Reply 14, posted (7 years 7 months 4 days 12 hours ago) and read 12102 times:

Quoting StealthZ (Reply 4):
There is also the not so inconsiderable detail that much of the development work for the B787 was done in 2000-2007 Dollars and much of the A350 is being paid for with 2007-20xx Euros.



Quoting FlyDreamliner (Reply 10):
first off, any development at airbus will be more expensive than at boeing at the moment because the euro is way stronger than the dollar - airbus is shelling out more to get their work done over there.

It's not way stronger. It's no more than 10% stronger than the long term average exchange rate. The dollar was a much, much stronger in relation to the Euro from 2000-2002 than the Euro is currently against the dollar.

Quoting FlyDreamliner (Reply 10):
If you'll look at the program cost differences between 772LR/773ER and A340-600/A340-500, you will find that for these comperable stretch programs, Airbus spent significantly more.

But the 777LR wasn't a stretch program as the 773A already existed.

Quoting Manni (Reply 11):
A second point I'd like to add is that it might be partially atributed to the 5 versions Airbus (A358, A359, A350-1000, A350R and A350F) is planning compared to the initial 3 version Boeing is planning (783, 788, 789)

I'd call it about 4 programs. The A350R/A350F development costs should be low like the 772LR/777F.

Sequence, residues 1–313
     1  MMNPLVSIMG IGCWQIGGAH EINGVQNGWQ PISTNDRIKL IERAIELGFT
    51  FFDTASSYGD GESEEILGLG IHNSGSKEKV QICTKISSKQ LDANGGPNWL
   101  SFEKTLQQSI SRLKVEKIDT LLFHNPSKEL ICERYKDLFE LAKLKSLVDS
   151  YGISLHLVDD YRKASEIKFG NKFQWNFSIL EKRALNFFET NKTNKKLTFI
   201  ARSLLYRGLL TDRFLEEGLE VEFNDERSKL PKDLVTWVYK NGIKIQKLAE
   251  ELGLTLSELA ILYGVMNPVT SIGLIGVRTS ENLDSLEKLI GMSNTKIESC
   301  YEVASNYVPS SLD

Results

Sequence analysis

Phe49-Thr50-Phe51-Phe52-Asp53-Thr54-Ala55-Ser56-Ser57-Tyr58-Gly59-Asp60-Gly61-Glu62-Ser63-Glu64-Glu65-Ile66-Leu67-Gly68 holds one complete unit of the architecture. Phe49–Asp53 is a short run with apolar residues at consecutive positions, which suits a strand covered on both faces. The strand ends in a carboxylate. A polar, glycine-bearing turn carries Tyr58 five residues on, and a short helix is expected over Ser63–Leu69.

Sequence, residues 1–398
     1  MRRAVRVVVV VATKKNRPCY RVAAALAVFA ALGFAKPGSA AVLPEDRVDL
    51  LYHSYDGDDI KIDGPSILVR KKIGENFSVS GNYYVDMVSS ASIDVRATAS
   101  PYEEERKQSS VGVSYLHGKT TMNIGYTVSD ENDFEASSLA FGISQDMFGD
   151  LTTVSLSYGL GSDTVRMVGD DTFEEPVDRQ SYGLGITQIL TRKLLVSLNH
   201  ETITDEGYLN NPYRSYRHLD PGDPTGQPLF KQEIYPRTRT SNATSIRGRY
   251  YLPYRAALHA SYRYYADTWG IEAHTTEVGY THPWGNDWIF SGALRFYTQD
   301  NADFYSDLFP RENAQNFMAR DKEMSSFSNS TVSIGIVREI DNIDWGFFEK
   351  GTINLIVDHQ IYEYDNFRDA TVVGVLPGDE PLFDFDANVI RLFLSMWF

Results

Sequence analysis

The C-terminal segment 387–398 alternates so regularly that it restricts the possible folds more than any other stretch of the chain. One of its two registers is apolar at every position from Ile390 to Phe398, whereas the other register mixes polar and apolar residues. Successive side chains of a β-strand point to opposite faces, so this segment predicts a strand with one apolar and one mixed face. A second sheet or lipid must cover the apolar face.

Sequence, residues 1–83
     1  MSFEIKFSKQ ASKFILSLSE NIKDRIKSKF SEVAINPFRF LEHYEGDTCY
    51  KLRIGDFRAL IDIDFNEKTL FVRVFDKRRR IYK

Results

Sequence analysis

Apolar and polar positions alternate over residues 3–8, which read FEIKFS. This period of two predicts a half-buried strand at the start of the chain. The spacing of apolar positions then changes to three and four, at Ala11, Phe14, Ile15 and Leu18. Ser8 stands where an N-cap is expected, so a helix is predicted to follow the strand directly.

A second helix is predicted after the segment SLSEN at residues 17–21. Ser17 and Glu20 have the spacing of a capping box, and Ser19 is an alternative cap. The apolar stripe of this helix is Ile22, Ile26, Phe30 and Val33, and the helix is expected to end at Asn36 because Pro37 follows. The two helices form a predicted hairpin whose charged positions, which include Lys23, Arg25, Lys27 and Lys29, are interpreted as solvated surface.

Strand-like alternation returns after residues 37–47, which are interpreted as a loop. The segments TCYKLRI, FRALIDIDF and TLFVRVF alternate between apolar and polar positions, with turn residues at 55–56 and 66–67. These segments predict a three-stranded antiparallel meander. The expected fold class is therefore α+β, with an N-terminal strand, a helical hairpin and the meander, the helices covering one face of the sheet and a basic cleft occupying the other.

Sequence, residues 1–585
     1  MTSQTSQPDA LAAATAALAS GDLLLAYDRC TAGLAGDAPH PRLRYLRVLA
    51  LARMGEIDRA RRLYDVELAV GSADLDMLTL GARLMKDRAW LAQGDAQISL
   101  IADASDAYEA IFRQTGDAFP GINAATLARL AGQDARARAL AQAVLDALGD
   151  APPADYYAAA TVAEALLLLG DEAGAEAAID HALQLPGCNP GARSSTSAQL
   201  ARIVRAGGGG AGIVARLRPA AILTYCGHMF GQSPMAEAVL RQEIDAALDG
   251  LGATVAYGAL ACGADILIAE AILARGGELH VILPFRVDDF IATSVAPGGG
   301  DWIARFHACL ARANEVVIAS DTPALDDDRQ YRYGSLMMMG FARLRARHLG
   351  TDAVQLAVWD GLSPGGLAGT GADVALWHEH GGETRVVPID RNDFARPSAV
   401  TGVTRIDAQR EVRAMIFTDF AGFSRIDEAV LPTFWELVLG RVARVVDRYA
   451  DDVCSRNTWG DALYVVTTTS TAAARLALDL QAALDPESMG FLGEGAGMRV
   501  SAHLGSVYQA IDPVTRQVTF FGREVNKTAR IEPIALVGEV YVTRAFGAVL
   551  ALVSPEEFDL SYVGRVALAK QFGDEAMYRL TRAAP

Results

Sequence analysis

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User currently offlineJayinKitsap From United States of America, joined Nov 2005, 769 posts, RR: 1
Reply 15, posted (7 years 7 months 4 days 12 hours ago) and read 12057 times:

Using one Catia version is cheaper than using two?

Actually, Boeing has developed and used on previous planes a suite of design software to produce planes. Having a fully functional system like that saves so much effort.

Airbus to date still doesn't have a complete system for design, but several pieces being used side by side. This came untangled in a big way on the 380. So part (possibly up to 10%) is either investing in the program to develop those tools or doing work arounds to sync the design.

As long as you don't incur acceleration costs from say extensive overtime or overmanning, the time value of money saves a lot. If you can bring a $10B program to completion 1 year early, that saves about $ 800M.


User currently offlineBaron95 From United States of America, joined May 2006, 1335 posts, RR: 8
Reply 16, posted (7 years 7 months 4 days 11 hours ago) and read 12007 times:

Quoting Art (Thread starter):
Can anyone explain why this should be so?

Lets count the ways...

1 - 787 development in US$, A380 in Euros/Eurozone (currency/location costs).
2 - 787 development in 4.5 years, A350 development in 6+ years (cost of money)
3 - 787 development done on Boeing's terms (time to plan select suppliers, etc), A350 development done as a forced/rushed response.
4 - 787 design gotten mostly right the first time, A350 design gotten mostly wrong several times.
5 - Boeing secured/locked A LOT of the production capacity for critical materials (like Titanium) under long term contracts, A350 will go spot. This may show more as production costs, but also aftects development costs some.